• While he was swimming in the ocean, he dove beneath.
  • The hot air balloon floated up.
  • You need to come here.

Note that many adverbs of place are identical in form to prepositions. If a prepositional complement follows the location word, then a prepositional phrase performs an adverbial function rather than an adverb. The p-word functioning as a particle in many phrasal verbs also resembles an adverb of place.

Adverbs of Frequency

The fourth type of adverb in the English language is the adverb of frequency. Adverbs of frequency answer the question “how often” by providing more information about how often something takes place. Some common adverbs of frequency include the following:

  • again
  • always
  • daily
  • frequently
  • hourly
  • monthly
  • never
  • normally
  • occasionally
  • often
  • rarely
  • seldom
  • sometimes
  • usually
  • weekly
  • yearly

For example:

  • Sometimes I drink only coffee for breakfast.
  • You must water your garden daily.
  • My son rarely finishes his dinner by himself.
  • I usually decorate my house for Christmas before Thanksgiving.

Adverbs of Degree

The fifth type of adverb in the English language is the adverb of degree. Adverbs of degree provide more information about the level or intensity of a verb, adverb, adjective, or other grammatical form. Some common adverbs of degree include the following:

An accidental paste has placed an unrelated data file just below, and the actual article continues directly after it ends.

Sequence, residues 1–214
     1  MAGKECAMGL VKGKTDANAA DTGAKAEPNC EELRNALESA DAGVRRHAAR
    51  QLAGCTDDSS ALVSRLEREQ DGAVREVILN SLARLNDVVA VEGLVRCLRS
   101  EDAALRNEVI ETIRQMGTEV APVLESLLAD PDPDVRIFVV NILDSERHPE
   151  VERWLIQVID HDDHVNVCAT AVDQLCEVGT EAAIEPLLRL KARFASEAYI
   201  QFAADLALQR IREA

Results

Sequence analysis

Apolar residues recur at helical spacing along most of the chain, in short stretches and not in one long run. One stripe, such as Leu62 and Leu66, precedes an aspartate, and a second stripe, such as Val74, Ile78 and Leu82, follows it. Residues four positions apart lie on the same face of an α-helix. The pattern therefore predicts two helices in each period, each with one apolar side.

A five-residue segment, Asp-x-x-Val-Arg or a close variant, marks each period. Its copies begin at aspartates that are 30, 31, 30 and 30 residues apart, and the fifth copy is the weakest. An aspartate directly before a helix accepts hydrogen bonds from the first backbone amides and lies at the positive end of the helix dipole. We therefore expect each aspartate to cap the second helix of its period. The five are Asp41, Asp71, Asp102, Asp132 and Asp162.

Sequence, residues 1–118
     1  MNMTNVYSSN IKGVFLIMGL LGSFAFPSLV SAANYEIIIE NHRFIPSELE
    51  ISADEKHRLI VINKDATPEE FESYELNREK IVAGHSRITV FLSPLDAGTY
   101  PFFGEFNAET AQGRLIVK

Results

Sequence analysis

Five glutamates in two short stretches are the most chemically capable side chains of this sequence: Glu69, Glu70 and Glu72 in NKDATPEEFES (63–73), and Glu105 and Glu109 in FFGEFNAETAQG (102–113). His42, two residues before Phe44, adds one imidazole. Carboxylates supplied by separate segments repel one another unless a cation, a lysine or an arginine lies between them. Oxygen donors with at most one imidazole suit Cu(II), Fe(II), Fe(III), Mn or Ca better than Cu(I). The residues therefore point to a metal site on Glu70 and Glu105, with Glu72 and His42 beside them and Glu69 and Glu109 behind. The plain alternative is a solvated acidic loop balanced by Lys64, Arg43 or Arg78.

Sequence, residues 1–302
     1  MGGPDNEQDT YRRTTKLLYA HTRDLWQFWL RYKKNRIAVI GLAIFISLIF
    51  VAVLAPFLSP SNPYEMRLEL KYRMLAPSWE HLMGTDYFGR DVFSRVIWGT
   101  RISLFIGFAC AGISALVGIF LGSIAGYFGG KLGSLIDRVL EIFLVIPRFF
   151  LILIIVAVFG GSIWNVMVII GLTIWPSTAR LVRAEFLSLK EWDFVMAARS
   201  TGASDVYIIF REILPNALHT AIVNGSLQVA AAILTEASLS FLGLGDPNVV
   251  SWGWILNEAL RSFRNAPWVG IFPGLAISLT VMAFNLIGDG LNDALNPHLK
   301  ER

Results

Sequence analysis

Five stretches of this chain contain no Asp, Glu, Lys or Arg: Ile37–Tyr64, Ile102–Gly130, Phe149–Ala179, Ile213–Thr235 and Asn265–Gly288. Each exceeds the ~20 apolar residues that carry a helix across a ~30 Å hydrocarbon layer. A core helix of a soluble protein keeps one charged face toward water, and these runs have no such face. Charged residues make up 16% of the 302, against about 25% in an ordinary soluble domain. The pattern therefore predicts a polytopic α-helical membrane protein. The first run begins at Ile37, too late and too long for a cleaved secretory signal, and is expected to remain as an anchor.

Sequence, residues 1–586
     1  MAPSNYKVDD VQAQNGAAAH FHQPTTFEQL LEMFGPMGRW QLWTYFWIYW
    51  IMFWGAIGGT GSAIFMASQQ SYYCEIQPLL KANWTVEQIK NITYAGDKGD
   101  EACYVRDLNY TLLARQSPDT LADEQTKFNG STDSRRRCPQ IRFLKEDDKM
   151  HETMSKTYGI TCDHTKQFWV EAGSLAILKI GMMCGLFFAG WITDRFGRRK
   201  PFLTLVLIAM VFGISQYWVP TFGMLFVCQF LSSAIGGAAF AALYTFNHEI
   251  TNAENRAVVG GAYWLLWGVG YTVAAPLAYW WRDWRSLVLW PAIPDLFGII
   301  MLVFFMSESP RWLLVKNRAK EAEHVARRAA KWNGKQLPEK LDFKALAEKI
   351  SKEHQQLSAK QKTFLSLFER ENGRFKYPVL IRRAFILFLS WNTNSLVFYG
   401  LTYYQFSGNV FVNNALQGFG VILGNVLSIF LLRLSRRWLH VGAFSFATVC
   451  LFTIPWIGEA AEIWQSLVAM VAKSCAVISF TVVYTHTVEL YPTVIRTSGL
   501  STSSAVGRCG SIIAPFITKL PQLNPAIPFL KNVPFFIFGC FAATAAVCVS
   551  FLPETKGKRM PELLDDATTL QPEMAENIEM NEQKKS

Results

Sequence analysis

• almost
  • also
  • enough
  • hardly
  • just
  • less
  • least
  • more
  • most
  • nearly
  • quite
  • really
  • simply
  • so
  • super
  • too
  • uber
  • very

For example:

  • My daughter was so hungry.
  • My son felt famished too.
  • My infant is the least noisy of my three children.
  • I am super tired but uber busy.

The English language has five general categories of adverbs: adverbs of manner, adverbs of time, adverbs of place, adverbs of frequency, and adverbs of degree.

Summary

Adverbs in English grammar are defined as “words that describe verbs, adjectives, other adverbs, and clauses.”

Adverb is a grammatical form.

The five general categories of adverbs in English are adverbs of manner, adverbs of time, adverbs of place, adverbs of frequency, and adverbs of degree.

References

Brinton, Laurel J. & Donna M. Brinton. 2010. The linguistic structure of Modern English, 2nd edn. Amsterdam: John Benjamins Publishing Company.
Hopper, Paul J. 1999. A short course in grammar. New York: W. W. Norton & Company.
Huddleston, Rodney. 1984. Introduction to the grammar of English. Cambridge: Cambridge University Press.

More in English Adverbs

  • English Adverb Clauses

    Traditional grammars describe adverb clauses as dependent or subordinate clauses that consist of a subordinating conjunction followed by a clause and...

    Heather JohnsonJuly 11, 2018
  • English Adverbs

    Notional grammars define adverbs as “words that describe verbs, adjectives, other adverbs, and clauses.” An adverb phrase consists of an adverb...

    Heather JohnsonJune 30, 2018
  • Using Adverb Clauses as Adjunct Adverbials

    Notional grammars define adverb clauses as subordinate or dependent clauses that consist of a subordinating conjunction followed by a clause and...

    Heather JohnsonJuly 4, 2014
  • Grammatical Function of English Adverb Clauses

    Adverb clauses are defined as subordinate or dependent clauses that consist of a subordinating conjunction followed by a clause and that...

    Heather JohnsonJuly 1, 2014
  • Using Adverbs and Adverb Phrases as Conjunct Adverbials

    Traditional grammars notionally define adverbs words that describe verbs, adjectives, other adverbs, and clauses. Adverb phrases are phrases that consist of...

    Heather JohnsonJanuary 20, 2014